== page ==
The effect of stakeholder culture on managers’ perceptions of stakeholder attributes in Australian not‐for‐profit organizations

Lu Jiao, Graeme Harrison, Jinhua Chen

Research output: Contribution to journalArticlepeer-review

1 Citation (Scopus)

Abstract

We examine the relation between stakeholder culture and managers’ perceptions of stakeholder attributes of power, legitimacy, and urgency in Australian not‐for‐profit (NFP) organizations. Examination of this relation is important because managers’ perceptions of stakeholder attributes determine how stakeholder relationships are managed, which affects (positively or negatively) the ability of NFP organizations to fulfil their social mission. Data were collected through a survey of top managers of 478 NFP organizations. Our results show that the stakeholder cultures of altruist and instrumentalist, manifesting different moral values, differentially affect NFP managers’ perceptions of the three stakeholder attributes for clients and government. Specifically, an altruist stakeholder culture affects managers’ perception of client legitimacy, while an instrumentalist culture affects managers’ perception of government power. We also investigate the mediating effects of power and legitimacy on the relation between stakeholder cultures and urgency. We find that managers’ perceptions of power and legitimacy act as crucial cues for managers to perceive stakeholder urgency. Our study contributes to the stakeholder management literature and has important implications for managers of NFP organizations in managing stakeholder relationships in the contemporary environment.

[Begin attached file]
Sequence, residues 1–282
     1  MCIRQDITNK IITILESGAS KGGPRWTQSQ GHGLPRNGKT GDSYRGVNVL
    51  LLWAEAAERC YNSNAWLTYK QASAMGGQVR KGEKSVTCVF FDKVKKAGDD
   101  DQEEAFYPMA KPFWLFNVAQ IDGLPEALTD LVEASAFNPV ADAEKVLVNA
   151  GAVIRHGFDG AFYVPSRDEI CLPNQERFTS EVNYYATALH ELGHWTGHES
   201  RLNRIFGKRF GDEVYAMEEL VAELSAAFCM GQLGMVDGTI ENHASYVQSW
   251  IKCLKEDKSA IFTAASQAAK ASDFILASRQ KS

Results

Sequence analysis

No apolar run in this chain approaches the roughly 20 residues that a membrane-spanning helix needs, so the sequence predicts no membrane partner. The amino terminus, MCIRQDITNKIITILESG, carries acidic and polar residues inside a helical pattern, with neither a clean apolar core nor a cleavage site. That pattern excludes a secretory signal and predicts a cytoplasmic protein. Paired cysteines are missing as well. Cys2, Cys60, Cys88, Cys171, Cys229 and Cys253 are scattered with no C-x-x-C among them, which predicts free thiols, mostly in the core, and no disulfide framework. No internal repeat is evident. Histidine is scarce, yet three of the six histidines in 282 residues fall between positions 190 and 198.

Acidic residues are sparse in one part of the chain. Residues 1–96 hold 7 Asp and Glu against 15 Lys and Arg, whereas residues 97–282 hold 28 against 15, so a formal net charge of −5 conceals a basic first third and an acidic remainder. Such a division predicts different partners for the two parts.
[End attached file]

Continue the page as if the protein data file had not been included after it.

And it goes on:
Original languageEnglish
Pages (from-to)60-75
Number of pages16
JournalAustralian Journal of Public Administration
Volume79
Issue number1
Early online date9 Jul 2019
DOIs
Publication statusPublished - Mar 2020

Keywords

  • manager perceptions
  • not-for-profit organizations
  • stakeholder attributes
  • stakeholder culture

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